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County begins to draw up joint fire agreement plans
by Jill Lufrano
Apr 10, 2012 | 910 views | 0 0 comments | 3 3 recommendations | email to a friend | print
RENO — Not unlike piecing together a fire station out of Legos, Washoe County commissioners on Tuesday continued the process of building a new fire district — now a combination of Truckee Meadows and Sierra Fire protection districts — in preparation for a meeting with the city of Reno April 19.

Piece by piece, each aspect of the newly created fire district was discussed by commissioners, including employee negotiations, fire station locations, the color of fire engines and trucks, response times, automatic aid agreements with neighboring districts and jurisdictional boundaries.

Washoe County commissioners continued to discuss the matter of joining forces following their decision to divorce the Truckee Meadows and Sierra Fire protection districts from the city of Reno and create a Joint Powers Authority (JPA) with the city, which would form an entity with the power to levy and collect taxes to provide fire service to the Truckee Meadows region.

Options for a financially sustainable regional fire service were considered by commissioners, acting as the Board of Fire Commissioners. The board directed new Sierra Fire Chief Charlie Moore in a 4-1 vote, with Commissioner Kitty Jung dissenting, to continue discussions with the city of Reno on April 19, as well as with other interested governments, to draft the JPA for fire service that would include the ability to have separate union agreements under the responsibility of each jurisdiction as an interim step towards a long-term regional fire service.

During the meeting, Commissioner John Breternitz accused the city of Reno of playing games with its automatic aid agreement with the county. Reno does not currently have an auto aid agreement in place following the break-up of fire districts, Reno City Councilman David Aiazzi said.

Breternitz accused Reno of toying with residents to “prove a point.”

“It’s very important for us to affect auto aid in the community,” Breternitz said. “Based on cost, it makes sense to me. I don’t believe it’s a negotiating ploy. We believe in automatic aid. I’m pretty worked up about this. The people in the middle are the citizens. We shouldn’t be playing games with our city.”

The county offered twice to pay the city of Reno $1.2 million to keep a south Reno station open by offering to rent it to the city for $1 a year for an indefinite time, according to Mary Walker, a city consultant. For the $1.2 million payment, the city would agree to cover all regional island areas and open two stations in one of those pockets. The city would also be asked to respond to any incident with the closest resource.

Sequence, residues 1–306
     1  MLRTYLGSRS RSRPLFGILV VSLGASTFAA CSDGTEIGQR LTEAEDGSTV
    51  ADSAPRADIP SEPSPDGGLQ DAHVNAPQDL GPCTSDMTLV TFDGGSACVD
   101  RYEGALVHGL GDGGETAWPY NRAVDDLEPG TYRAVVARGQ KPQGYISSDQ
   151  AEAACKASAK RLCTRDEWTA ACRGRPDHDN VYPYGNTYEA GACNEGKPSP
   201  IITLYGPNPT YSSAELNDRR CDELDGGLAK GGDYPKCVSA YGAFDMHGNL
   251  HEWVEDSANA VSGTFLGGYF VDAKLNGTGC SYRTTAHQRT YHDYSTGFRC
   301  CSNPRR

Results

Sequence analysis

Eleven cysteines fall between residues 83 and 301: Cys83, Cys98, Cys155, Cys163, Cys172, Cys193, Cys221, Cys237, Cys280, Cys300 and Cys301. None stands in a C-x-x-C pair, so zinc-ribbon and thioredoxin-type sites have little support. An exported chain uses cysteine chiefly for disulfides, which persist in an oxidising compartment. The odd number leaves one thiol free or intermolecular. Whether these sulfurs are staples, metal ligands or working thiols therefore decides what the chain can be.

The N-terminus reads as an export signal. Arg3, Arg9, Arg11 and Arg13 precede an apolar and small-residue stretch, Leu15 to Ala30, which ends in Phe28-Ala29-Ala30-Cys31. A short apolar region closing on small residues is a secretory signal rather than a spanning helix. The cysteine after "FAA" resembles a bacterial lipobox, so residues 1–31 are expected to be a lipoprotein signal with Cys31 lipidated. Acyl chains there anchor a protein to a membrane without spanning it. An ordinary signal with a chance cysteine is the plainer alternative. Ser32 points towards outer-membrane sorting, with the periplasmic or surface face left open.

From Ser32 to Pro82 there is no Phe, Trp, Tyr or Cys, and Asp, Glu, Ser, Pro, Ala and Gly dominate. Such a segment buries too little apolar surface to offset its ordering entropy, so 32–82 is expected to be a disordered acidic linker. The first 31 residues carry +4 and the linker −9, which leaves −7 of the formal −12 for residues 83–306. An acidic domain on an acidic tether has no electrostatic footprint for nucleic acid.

The motion to approve paying the city $1.2 million was voted down twice by commissioners.

“The problem is, we don’t have an automatic aid agreement with them now,” Aiazzi said. Prior to the divorce, Reno was paid $11 million by the county to provide fire service to the region.

Aiazzi, who has said all along that reconsolidating fire districts throughout the Truckee Meadows district is not a good idea, said if the county and city would continue to join forces, citizens in the region would continue to be “safer.”

“Right now, they want Reno to do the same thing as we’ve always done and not look at the money,” Aiazzi said “They want us to still cover them, but they don’t want to pay us for it.”

By voting down the issue, the county will go back to assuming much of its new district’s employee liability for retiree health, transfer of sick and annual leave hours from the city of Reno and assume the use of station 14 in south Reno, which will become a Truckee Meadows Fire Protection District station, Walker said. Station 14 will be staffed, like all other TMFPD stations, with three-person crews.

A union agreement was also approved Tuesday that provides for three-person minimum staffing in all 11 stations. This will save the district $2.5 million a year, Walker said, virtually guaranteeing the fire district to be able to keep all fire stations open.

“We’re thrilled about that. That was our goal,” she said.

Walker said that only 2 percent of calls were fire related, equating to about 100 structure fires in the fire district area.

“Therefore three-person crews can fully staff 98 percent of calls,” she said. “The other 2 percent have to wait until the stations can assemble a force until they can actually enter a house.”

The decision was made to keep all 11 stations open instead of having four-person staffing, Walker said.

“Three-person works beautifully,” Walker said.

Reno City Manager Andrew Clinger could not be reached for comment following the county commission meeting in order to respond to accusations made by commissioners.

“As the city of Reno staff member, I was not at the meeting and I would not be able to respond to any negative comments directed at the city from the county commission,” Reno spokeswoman Michelle Anderson said.
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